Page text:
What's happened to the work ethic in our society? All of this made me think back to when I was a kid. I remember my brothers all had paper routes and they mowed lawns in the summer, or raked leaves in the fall, shoveled snow in the winter, all over the neighborhood. My sisters and I babysat or went door-to-door selling colorful potholders we had created with little looms we bought in the dime store down on Main Street. In my family, we learned at an early age that the best way to have money to spend was to work for it. There was such a great feeling of satisfaction, knowing it was all ours, earned by work we had done -- and it wasn't any different with the friends I knew from school -- almost to a family, the "work ethic" was alive and well in my little hometown.

Sadly, it seems there's a growing number of young people who can't be bothered to follow the rules in a job, or they bend them, or don't work at all, relying instead on an allowance from mom and dad, or handouts from gram and grampa.

Is it laziness, or a Catch-22 -- a sad by-product of over-worked parents who haven't the time or energy to instill the very principles in their youngsters that the parents, who are doing it all for their children, are too busy and too tired to teach them? Like with so many other things, it's the children who lose out ...

Bookmark and Share

Friday, October 15, 2010

Kisses, Hugs & Toddlers

Remember what it was like to be a child? It was something very different from who we are today. It was to believe in love and magic, to believe in fairies, to believe in belief, to be so little that the elves could reach to whisper in our ear; it was about turning pumpkins into coaches, and mice to horses, and nothing into everything, because every child has a fairy godmother in its soul ... and a grandmother for a best friend. ~CJ

Hello Everyone,

Just to give you a little heads up ... I'm going to be out of town for the next week, leaving today. I'll be in Connecticut babysitting two of my grandsons, both preschoolers, while a daughter and her husband go away for a much-needed R&R to rediscover that they are more than a mommy and daddy.

I'll be in Grammy Heaven; however, being a little out of practice with busy toddlers, I'm relatively sure any down time I have while they're napping will be spent doing laundry, cooking, picking up toys, or (I had to admit it), taking a power nap of my own to recoup. There probably won't be much time for the internet and its writing pleasures, including posting here.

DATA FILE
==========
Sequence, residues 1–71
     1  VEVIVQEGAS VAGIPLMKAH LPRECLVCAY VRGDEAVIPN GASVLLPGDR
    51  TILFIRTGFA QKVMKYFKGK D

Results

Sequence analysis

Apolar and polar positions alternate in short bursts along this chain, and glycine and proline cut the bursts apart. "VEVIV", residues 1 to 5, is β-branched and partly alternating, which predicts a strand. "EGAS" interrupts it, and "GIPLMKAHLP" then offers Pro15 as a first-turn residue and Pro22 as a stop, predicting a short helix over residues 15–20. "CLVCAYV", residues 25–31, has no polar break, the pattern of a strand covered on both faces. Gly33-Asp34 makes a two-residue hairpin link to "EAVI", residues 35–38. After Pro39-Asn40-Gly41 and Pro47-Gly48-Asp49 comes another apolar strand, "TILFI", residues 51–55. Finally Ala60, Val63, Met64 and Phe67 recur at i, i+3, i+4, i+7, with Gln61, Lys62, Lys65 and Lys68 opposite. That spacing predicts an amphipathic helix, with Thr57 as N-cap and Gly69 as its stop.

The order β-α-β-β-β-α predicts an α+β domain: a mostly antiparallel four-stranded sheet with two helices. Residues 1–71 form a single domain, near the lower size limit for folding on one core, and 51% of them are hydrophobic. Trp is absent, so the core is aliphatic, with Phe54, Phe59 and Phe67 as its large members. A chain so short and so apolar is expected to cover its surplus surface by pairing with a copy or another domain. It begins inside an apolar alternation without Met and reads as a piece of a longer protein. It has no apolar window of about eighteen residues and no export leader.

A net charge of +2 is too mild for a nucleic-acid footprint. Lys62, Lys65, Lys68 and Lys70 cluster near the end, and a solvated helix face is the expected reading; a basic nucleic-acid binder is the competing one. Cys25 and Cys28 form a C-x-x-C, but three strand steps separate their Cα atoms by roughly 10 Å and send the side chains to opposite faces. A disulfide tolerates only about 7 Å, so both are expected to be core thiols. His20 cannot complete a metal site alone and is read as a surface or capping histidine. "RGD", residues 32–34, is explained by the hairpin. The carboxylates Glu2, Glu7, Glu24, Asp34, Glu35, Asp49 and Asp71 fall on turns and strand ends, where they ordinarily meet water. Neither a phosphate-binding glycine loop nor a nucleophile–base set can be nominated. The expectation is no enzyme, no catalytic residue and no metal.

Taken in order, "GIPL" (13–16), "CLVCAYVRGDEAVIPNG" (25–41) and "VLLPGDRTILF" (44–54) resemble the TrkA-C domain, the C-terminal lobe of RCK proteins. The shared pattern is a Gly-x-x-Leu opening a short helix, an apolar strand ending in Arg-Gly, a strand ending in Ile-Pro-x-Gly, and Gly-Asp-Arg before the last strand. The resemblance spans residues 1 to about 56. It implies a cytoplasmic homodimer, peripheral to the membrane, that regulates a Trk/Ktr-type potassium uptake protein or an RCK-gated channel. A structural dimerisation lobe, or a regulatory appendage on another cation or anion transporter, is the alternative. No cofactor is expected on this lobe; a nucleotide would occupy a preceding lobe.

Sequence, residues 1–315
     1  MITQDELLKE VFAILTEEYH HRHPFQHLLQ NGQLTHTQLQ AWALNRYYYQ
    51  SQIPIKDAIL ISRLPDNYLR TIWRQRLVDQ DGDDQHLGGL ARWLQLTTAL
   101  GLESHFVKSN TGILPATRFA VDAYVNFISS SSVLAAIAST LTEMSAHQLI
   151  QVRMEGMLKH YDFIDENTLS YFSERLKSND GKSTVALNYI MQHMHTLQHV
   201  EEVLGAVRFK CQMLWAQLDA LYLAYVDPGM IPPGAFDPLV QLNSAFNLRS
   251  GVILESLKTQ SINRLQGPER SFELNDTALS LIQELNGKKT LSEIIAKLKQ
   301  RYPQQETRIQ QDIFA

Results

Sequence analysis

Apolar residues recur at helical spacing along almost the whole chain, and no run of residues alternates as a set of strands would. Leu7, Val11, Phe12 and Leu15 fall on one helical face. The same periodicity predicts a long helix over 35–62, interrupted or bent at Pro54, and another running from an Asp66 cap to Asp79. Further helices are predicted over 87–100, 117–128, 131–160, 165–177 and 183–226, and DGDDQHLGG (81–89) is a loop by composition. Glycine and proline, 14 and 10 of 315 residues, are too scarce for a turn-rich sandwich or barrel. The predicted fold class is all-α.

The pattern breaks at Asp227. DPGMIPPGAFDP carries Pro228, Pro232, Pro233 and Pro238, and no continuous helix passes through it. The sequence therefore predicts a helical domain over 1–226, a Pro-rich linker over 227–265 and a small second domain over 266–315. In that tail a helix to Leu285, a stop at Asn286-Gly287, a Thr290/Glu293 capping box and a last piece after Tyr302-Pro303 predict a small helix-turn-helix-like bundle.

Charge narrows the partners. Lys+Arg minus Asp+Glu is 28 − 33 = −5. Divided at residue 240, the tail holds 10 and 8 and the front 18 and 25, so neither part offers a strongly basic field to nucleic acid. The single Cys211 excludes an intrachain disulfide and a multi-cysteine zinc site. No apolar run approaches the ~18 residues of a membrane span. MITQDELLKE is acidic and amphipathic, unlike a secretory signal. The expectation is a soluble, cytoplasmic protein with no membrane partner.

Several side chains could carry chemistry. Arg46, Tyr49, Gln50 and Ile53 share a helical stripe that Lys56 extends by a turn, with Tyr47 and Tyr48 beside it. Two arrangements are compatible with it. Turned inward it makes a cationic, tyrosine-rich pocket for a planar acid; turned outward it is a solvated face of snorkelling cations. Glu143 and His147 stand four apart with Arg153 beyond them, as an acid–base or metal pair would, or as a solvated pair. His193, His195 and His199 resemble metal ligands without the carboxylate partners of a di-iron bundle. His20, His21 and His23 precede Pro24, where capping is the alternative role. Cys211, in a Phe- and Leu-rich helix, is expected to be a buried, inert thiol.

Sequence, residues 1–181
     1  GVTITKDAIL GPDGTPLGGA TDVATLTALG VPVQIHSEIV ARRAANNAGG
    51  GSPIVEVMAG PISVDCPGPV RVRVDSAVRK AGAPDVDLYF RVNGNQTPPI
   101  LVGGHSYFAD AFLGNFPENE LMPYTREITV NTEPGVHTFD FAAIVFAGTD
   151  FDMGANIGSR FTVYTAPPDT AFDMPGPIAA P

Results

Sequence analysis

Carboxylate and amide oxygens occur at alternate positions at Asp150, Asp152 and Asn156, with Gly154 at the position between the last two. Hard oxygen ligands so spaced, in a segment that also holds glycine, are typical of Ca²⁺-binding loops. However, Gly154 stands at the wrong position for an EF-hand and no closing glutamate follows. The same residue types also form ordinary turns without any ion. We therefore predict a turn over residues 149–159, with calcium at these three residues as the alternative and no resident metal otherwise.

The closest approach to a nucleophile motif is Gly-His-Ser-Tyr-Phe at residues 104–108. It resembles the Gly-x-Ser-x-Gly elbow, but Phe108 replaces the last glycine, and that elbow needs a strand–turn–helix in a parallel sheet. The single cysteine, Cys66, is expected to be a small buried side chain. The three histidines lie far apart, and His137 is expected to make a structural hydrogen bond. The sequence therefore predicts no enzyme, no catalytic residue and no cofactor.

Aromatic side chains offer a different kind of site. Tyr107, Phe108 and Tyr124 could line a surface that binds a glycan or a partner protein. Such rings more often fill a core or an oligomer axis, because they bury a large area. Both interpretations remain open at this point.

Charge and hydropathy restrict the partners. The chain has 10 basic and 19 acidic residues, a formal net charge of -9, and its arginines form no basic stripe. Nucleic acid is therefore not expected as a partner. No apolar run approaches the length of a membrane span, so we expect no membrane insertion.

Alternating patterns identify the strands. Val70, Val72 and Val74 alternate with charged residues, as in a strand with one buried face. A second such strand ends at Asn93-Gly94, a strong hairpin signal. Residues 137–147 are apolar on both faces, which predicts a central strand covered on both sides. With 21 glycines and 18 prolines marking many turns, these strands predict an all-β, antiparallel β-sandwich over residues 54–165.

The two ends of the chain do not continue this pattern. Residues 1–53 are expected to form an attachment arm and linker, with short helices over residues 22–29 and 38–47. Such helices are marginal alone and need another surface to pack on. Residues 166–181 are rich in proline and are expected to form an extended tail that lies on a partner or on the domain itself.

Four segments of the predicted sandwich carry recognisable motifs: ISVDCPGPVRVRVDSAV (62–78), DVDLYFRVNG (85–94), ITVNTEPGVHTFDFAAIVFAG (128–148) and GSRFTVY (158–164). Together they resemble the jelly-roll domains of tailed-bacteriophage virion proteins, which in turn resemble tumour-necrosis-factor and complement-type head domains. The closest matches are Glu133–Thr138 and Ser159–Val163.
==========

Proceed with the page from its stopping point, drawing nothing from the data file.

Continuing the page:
Stay with me.  I promise I'll be back online when I return on the 23rd. In the meantime, please think of me knee-deep in much-missed grammy hugs, bedtime stories, night-night kisses, and playing cars and Legos on the floor with two little boys that I love so dearly.


P.S. I would LOVE to see my email box overflowing with your thoughts and stories when I get home ...

Bookmark and Share

Thursday, October 14, 2010

For Halloween

Have you ever been kidnapped by a poet?   I would like to kidnap YOU for a few minutes ... I'll scare the warm and fuzzies right out of you ...
~Hugs, CJ

Half Past Five
by CJ Heck

There’s a sewer drain
in town
on Peck's Corner,
and at half past five,
the street lamp
flickers on at dusk,
near where gentlemen
routinely take a leak
after leaving
the Raven's Wing Pub.
They’ve been doing it
for years, and
no one seems to notice,
except for the smell
of piss that assaults
the nostrils,
which in turn
informs the brain,
but only the vermin care
and there were
plenty of them
near the sewer drain
in town
on Peck's Corner.
I saw the body there
as I walked by
at half past five
on Monday.
The clock in the tower
told me it was so,
and when I called,
that’s what I told
the authorities.
His head
was in his lap,
the legs askew and bent
at impossible angles.
The arms hung down
with elbows facing out,
hands on top
of the head,
the head that was
in his lap
just above
the flaming red hair.
He was sitting
in a pool of
his own blood.
His mouth was frozen
in a scream that
no one will ever hear,
but the eyes,
the eyes,
I will never forget
the eyes.
The vermin had eaten
both eyes.
Will anyone ever know
the horror they saw,
on Peck's Corner
just before
half past five ...

A poem should not necessarily mean anything ... it should just simply, BE.

Bookmark and Share

Tuesday, October 5, 2010

Flu Season: When Mommy's Sick

It's that time of year again. Robert and I went for our flu shots yesterday. Surprisingly, it only takes half a minute for the shot ... it takes a whole lot longer to fill out the paperwork that allows them to give you the shot.

Last year, I had a cold and had to pass on the flu shot -- bad, bad, bad. I eventually got the flu and was flat out and miserable for a good two weeks.  I didn't feel really well for another two.

It makes me remember years ago, when my children were young and I was sick ...

When Mommy's Sick ... no one's happy

When Mommy's Sick
by CJ Heck

Mommy's sick in bed today.
Doctor says she has the flu.
Sissy's got a stuffy nose
and she might get it, too.

When Mommy's sick it makes us sad
she doesn't feel so good.
She's having juice and medicine
like the doctor said she should.

It's not the same when Mommy's sick,
our hugs are all sick, too,
and kisses for our boo-boos
also have the flu.

Our sads are even sadder
so our happys aren't as glad
and when we're being naughty,
that even feels more bad.

Let's get her better, Sissy!
We'll get some more juice in her,
'cause I remembered something else,
ewwww, Daddy's cookin' dinner ...

Don't forget your flu shot. 
Hugs, CJ

"A writer soon learns that easy to read is hard to write." ~CJ Heck